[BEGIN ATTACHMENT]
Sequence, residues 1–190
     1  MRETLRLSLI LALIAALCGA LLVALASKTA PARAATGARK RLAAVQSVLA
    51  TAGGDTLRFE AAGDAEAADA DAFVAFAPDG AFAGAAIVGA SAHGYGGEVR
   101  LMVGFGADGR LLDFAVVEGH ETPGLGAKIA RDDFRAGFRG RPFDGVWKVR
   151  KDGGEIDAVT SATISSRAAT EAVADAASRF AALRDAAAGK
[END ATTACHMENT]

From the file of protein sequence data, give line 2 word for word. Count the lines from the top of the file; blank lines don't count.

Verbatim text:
     1  MRETLRLSLI LALIAALCGA LLVALASKTA PARAATGARK RLAAVQSVLA